Teachers as Socializers of Social Emotional Learning (TASSEL) is a three-year IES-funded study conducted in conjunction with CAPSEL. This study will examine the preschool teacher’s role in helping their students develop social and emotional competence as they prepare to move into kindergarten. Children’s abilities to regulate their behavior, emotions, attention, and effort (self-regulation) and get along well with others (social cognition and behaviors) are identified as crucially important school readiness skills. There has been extensive study on parents’ roles in this area. However, as more and more children are spending time in the preschool setting, it is important to examine this venue, and little work has been done in this area. It is hoped that the results of this study will help in the development of methods and tools preschool teachers can use to help their students prepare social and emotionally for kindergarten entrance.
Over the course of the three-year study, TASSEL will study approximately 800 children in 80 preschool classrooms. Social and emotional factors will be examined on both the teacher and child level. Teachers will be observed in their classrooms, and asked to complete self-assessment questionnaires. Children's emotional and social competence will be studied both in the traditional pen and paper method along with new computer based versions of the assessments.
Computerized Assessment of Preschool Social-emotional Learning is a
two-year NIH-funded study conducted in
conjunction with TASSEL. Because social-emotional learning (SEL) is
so crucial, assessment tools to pinpoint children’s skills and
progress are vitally necessary. Thus, this study will adapt, via
computerization, research-based SEL assessment tools with strong
empirical predictive validity for school adjustment and achievement.
These computerized tools will be used in early childhood educational
settings, instructional and outcome-based purposes. Throughout
schooling, but perhaps most especially during these early years, a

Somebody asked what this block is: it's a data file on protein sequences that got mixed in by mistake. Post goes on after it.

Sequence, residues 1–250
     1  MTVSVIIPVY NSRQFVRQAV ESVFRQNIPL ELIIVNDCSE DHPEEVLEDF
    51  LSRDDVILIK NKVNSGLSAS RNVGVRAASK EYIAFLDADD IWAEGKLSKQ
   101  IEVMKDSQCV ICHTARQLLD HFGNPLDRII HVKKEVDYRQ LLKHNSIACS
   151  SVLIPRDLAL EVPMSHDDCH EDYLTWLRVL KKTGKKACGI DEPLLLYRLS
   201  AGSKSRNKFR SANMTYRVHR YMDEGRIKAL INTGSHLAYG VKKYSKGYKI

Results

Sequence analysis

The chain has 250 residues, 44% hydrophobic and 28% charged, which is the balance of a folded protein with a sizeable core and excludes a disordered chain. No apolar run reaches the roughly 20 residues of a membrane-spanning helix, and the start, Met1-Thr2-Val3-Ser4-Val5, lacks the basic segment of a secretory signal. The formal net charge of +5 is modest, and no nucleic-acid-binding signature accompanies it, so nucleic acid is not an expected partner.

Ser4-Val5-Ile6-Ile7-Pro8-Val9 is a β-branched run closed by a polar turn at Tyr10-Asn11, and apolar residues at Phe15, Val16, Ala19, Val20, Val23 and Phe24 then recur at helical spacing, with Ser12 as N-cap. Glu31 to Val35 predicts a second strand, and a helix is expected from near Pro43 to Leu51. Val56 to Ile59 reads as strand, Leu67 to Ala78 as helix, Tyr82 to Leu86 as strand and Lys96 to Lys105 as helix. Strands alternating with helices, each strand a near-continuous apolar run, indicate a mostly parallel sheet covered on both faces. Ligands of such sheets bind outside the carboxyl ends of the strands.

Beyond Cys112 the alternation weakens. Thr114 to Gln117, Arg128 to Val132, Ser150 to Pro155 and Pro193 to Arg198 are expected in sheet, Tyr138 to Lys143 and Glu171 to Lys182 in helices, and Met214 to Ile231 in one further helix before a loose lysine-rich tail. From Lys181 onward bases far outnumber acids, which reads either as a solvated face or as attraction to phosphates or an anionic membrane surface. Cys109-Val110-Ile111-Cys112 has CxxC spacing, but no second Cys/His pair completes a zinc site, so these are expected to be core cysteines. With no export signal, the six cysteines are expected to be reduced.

child’s abilities to express healthy emotions, understand emotions
of self and others, regulate emotion, attention, and behavior, make
good decisions regarding social problems, and engage in a range of
prosocial behaviors, all work together to promote successful school
experience. However, many children have deficits in these skills by
school entry, and educators lack the requisite tools to identify,
track and assess skills these children need to learn. Work to
ameliorate these conditions may help children have the chance to
fulfill their potential to live healthy and productive lives, a key
mission of NIH.
Over the two-year period, we will transform an existing assessment
battery to maximize utility and feasibility in preschool, Head Start
and prekindergarten classrooms. We see the future of this assessment
battery, in its later, ultimate form, for both formative and
summative child assessments and classroom or program evaluation; it
will be used to inform overall classroom instruction and
instructional plans for specific students, measure school readiness,
and evaluate program accountability. Thus, our first aim in this
exploratory/developmental project is to design a computer-based
version of our SEL assessment battery.
We will complete our computerization of game-like measures assessing emotion knowledge, social problem-solving, and prosocial behavior, and pilot these early versions, examining their usability with teachers and 3- to 4-year-old children, as well as their relation to teachers’ attitudes about computer, computer usage in the classroom, gender, age, and children’s early school success and cognitive ability. Additionally, will revise the measures as necessary after holding a focus group with teachers to inform this process. With this foundation, we will work toward validation of the complete computerized battery against the original noncomputerized assessment tools, and in relation to children’s early school success. This work will provide a springboard to finalization of this battery and continued exploration of its usefulness.
At the same time, we continue our interest in assessing children's
emotional and social competence, and anticipate both finishing
reports from our 6-year NICHD-funded
Assessing Social-Emotional Skills for School Readiness (ASESSR), and
refining new computer based versions of the assessments.
Our data on preschoolers’ social-emotional competence, as well as older children’s forgiveness , and parents’ socialization of these abilities – collected in several longitudinal studies – continue to bear fruit.